My first fire drill in Grade 1 was absolute chaos, screaming and panic as we all circled the teacher, who was likely wondering how our parents had managed to keep us alive this long. By Grade 3, we yawned and strolled to the nearest door. Fire drills teach kids what to do when there’s no real threat, so that they react calmly and automatically if a real fire happens. Fire drills save lives. Vaccines are for disease what fire drills are for kids.
When an animal is exposed to a disease-causing microbe, the immune system activates a variety of self-defence weapons to combat it. The immune system often responds a bit slowly the first time the microbe is encountered, because it’s starting from scratch. But the immune system has a “memory” that allows it to respond much more quickly and automatically the next time that microbe reappears.
Like a fire drill, a vaccine mimics exposure to disease-causing microbes without causing the disease. Nearly all vaccines recommend two doses, given a few weeks apart. The initial vaccination is like the fire drill in Grade 1. It teaches the animal’s immune system to recognize particular features of a microbe that causes a specific disease. The second “booster” dose given a few weeks later is like the fire drill in Grade 3. It stimulates the immune system’s memory and generates a much stronger and long-lasting immune response and enables the immune system to spring into action if the microbe itself appears.
Reproductive diseases also require an annual booster for the breeding herd. Proper vaccination allows the animal’s immune system to respond much more quickly, automatically and effectively when a real disease challenge occurs.
Vaccines are getting better. Modified live vaccines provide longer-lasting protection than killed vaccines.“Multivalent” vaccines allow protection against multiple diseases at the same time. Nasal and oral vaccines allow calves to be vaccinated earlier in life, without needles.
Vaccines are an important part of a preventative herd health program, but they aren’t a silver bullet. They won’t eliminate disease, but they do reduce the risk, and are much more affordable than trying to gain the upper hand on an uncontrolled disease outbreak. Vaccines need to be handled and administered properly and work best when combined with other best management practices in areas such as nutrition, animal handling and biosecurity.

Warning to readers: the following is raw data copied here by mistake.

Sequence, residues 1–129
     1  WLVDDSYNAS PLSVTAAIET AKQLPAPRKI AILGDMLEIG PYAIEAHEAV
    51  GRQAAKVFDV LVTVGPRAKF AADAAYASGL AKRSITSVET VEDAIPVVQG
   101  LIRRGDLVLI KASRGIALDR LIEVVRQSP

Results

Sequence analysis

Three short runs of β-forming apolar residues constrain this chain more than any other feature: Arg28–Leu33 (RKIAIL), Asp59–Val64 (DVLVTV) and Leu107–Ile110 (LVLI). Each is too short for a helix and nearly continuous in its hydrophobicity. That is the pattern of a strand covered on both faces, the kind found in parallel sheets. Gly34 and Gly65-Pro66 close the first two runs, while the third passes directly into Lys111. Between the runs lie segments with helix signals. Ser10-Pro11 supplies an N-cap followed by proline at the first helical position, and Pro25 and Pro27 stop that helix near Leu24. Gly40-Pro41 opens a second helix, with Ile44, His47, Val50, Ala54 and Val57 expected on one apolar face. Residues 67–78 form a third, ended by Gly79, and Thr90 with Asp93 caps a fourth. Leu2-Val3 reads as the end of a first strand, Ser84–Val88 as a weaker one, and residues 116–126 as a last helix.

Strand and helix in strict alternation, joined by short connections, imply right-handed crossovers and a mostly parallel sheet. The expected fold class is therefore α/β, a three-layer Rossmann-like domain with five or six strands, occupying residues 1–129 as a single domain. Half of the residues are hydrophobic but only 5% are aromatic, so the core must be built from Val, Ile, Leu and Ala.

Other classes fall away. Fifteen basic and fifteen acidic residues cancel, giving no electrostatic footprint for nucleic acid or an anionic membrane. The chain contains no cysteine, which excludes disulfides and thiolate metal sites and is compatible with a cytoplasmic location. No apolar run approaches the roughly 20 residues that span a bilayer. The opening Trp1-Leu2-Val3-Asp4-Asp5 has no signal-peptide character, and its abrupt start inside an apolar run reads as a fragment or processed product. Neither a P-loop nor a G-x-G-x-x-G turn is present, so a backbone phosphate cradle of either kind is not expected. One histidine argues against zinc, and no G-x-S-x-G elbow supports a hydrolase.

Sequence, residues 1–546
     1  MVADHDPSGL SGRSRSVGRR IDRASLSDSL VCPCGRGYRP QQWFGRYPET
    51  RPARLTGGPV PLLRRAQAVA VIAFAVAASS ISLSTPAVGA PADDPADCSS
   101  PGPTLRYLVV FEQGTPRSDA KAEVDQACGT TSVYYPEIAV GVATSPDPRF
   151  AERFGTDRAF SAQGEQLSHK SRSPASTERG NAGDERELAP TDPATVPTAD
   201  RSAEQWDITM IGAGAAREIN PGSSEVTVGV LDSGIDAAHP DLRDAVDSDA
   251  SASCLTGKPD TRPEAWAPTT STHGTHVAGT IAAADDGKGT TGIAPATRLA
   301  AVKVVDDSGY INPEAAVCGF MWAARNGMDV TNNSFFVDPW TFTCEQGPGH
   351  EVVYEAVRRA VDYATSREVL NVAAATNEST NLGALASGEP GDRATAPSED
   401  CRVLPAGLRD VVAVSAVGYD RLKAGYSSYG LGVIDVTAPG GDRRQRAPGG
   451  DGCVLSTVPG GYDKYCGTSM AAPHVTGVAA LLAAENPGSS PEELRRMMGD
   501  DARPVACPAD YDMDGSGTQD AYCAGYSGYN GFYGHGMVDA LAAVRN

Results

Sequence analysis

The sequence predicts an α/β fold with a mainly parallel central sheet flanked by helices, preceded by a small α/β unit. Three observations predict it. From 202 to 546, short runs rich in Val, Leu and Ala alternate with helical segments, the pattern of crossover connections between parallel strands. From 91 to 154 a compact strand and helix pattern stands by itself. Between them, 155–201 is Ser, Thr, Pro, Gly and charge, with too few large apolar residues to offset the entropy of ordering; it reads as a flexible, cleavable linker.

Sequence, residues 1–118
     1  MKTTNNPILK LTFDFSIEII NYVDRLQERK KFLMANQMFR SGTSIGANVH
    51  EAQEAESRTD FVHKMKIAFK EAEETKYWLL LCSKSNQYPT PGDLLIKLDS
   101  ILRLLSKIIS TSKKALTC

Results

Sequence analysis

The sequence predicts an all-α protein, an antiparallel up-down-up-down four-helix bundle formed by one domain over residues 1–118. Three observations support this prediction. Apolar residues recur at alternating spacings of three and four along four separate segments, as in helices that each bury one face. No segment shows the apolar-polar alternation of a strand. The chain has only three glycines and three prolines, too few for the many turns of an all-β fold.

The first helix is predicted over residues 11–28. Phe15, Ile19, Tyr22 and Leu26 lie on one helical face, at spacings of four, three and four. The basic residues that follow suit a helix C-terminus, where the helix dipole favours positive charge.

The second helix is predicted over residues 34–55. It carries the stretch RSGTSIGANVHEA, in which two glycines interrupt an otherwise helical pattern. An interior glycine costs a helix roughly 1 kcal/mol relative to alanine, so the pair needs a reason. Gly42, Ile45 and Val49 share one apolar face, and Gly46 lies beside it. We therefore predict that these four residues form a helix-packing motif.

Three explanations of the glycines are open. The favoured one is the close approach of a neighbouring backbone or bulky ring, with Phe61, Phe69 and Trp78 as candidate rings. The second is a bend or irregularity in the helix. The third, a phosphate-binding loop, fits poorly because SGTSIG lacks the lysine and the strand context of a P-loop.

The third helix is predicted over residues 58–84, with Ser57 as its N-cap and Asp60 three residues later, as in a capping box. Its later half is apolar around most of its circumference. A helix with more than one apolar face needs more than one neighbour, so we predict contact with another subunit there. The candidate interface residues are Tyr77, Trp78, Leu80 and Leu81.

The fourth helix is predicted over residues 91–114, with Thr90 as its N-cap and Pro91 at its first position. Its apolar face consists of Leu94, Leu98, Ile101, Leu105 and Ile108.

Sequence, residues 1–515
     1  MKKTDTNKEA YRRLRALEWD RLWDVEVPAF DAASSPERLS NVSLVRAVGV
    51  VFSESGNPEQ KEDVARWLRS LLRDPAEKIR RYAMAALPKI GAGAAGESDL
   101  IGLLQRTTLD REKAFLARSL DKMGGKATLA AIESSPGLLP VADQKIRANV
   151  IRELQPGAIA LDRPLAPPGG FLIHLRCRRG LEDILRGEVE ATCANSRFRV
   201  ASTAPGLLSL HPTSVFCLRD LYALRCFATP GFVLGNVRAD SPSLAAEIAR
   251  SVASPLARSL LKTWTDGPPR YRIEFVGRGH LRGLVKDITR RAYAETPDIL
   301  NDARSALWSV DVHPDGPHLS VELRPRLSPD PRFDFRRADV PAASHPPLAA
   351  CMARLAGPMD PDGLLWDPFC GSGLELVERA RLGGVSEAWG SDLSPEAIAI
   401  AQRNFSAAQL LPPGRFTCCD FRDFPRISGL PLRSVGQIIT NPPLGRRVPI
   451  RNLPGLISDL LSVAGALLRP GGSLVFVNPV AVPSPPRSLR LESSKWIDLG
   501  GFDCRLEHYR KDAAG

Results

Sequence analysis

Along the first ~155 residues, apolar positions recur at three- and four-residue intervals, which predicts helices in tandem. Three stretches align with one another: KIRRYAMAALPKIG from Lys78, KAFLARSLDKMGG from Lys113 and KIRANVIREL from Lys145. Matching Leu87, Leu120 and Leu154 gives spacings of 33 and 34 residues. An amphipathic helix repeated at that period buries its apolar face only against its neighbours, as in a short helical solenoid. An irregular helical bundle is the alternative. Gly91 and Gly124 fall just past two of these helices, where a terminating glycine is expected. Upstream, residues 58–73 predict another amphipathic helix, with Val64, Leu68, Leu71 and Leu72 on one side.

Dr. Cheryl Waldner and coworkers from the Western College of Veterinary Medicine recently published a study on Vaccine usage in western Canadian cow-calf herds (Canadian Veterinary Journal 60:414-442).
What they did: The team surveyed producers participating in the Western Canadian Cow-Calf Surveillance Network in early 2017. Participants were given a handbook that included color pictures and product names of vaccines approved for use in Canada and were asked to identify which vaccines they’d used (and when) for cows, heifers, bulls and calves in the 2016 calendar year.
What they learned: The vast majority of producers vaccinated both cows (91 per cent) and replacement heifers (96 per cent) against BVD and IBR, which can cause reproductive failure; fewer vaccinated bulls for these diseases (55 per cent). Most of these would have been annual booster vaccinations.
Nearly all producers vaccinated calves against clostridial diseases (97 per cent). Most producers vaccinated calves against BVD (82 per cent) and IBR (85 per cent) at least once; many of these vaccines also provide protection against the PI3 and BRSV respiratory viruses. But only about a third of operations provided a second (or booster) vaccination against any of these diseases. That means that the vaccines are likely only providing partial protection against respiratory disease.
What it means: Vaccination rates are going up in Western Canadian cow-calf operations. Earlier studies reported vaccination rates below 50 per cent for reproductive diseases in cows and heifers, below 90 per cent for clostridial diseases, and below 50 per cent for respiratory diseases in calves.
Vaccines that protect against diseases that cause abortion or infertility in cows (like BVD and IBR) or easily preventable diseases (e.g. clostridial diseases) are understandably top-of-mind for most cow-calf producers. So, it’s not particularly surprising that vaccination rates are high and annual boosters are common in the cow herd.
It’s also encouraging to see the increase in vaccination rates against respiratory viruses in calves. Bovine respiratory disease is often considered a “feedlot disease,” but it’s also a leading reason for antibiotic use on Canadian cow-calf operations. A 2013 study (Antimicrobial usage in western Canadian cow-calf herds; Canadian Veterinary Journal 60:255–267) found that up to 77 per cent of Canadian cow-calf operations used antibiotics to treat up to a third of their calves for respiratory disease either before or after weaning. All those individual treatments still add up to significant time, effort and expense. Providing calves with the recommended booster against respiratory viruses like BVD, IBR, PI3 and BRSV will help reduce the need for antibiotic treatments before the calves leave the farm.
Now would be a really good time to provide that booster vaccination. Spending a few hours on a “fire drill” now will save time and money treating individual calves in the fall when you have other things to do. Fire drills save lives.
The Beef Cattle Research Council is funded by the Canadian Beef Cattle Check-Off. The BCRC partners with Agriculture and Agri-Food Canada, provincial beef industry groups and governments to advance research and technology transfer supporting the Canadian beef industry’s vision to be recognized as a preferred supplier of healthy, high-quality beef, cattle and genetics.